Essay about The Power of Kite Runner, by Khaled Hosseini

2118 Words 9 Pages
Kite Runner depicts the story of Amir, a boy living in Afghanistan, and his journey throughout life. He experiences periods of happiness, sorrow, and confusion as he matures. Amir is shocked by atrocities and blessed by beneficial relationships both in his homeland and the United States. Reviewers have chosen sides and waged a war of words against one another over the notoriety of the book. Many critics of Kite Runner, by Khaled Hosseini, argue that the novel would not have reached a lofty level of success if the U.S. had not had recent dealings with the Middle East, yet other critics accurately relate the novel’s success to its internal aspects.
Opponents of the Afghan novel argue that only mediocre reviews should be written for a book
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This lack of connection shows a weakness in the author’s ability to really dig deep into a metaphor and hit it from all angles. Kipen is thoroughly dissatisfied with Hosseini’s use of such an “apt and evocative” metaphor. This underdeveloped staple of the novel is one of its main weaknesses addressed by the opponents. The reviewers were let down by the temptation of such a powerful symbol that fell short of their expectations. Kipen states that as Afghanistan falls out of “the nation’s current preoccupations – Hosseini may wind up with his strings sliced out from under him.” The American connection to the novel may have just been a cover up for the people’s fascination with Afghanistan itself. As the nation begins to move away from affairs with the Middle East the people too may move away from reading Kite Runner, and its success may be short lived. The adversaries of the book believe that there is not an engaging enough plot to make for longstanding success and a lack of memorable scenes to promote recommendation of the novel.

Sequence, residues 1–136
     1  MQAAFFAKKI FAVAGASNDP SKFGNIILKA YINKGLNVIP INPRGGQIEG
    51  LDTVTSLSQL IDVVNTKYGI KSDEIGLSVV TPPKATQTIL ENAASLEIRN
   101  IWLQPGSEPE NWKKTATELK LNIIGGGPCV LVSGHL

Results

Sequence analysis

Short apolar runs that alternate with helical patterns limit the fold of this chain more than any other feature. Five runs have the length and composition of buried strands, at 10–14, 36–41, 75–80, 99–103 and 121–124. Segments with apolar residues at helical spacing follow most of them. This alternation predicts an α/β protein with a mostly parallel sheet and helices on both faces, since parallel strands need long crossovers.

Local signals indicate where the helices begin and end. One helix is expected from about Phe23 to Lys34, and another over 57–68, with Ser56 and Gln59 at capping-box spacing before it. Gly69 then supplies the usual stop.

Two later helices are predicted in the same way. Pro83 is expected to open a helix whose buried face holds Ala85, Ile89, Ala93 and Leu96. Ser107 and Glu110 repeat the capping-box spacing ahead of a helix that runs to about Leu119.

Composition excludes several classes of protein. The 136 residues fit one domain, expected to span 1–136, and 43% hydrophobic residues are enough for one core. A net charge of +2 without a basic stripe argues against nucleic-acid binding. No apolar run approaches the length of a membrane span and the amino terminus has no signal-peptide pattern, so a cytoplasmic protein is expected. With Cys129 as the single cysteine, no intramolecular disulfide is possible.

Another weakness addressed by the opposition of Kite Runner is how “traditionally and transparently” Hosseini writes his novel. Kipen, along with other critics, feels that the author tried much too hard to make his images and themes understandable, which led them to be

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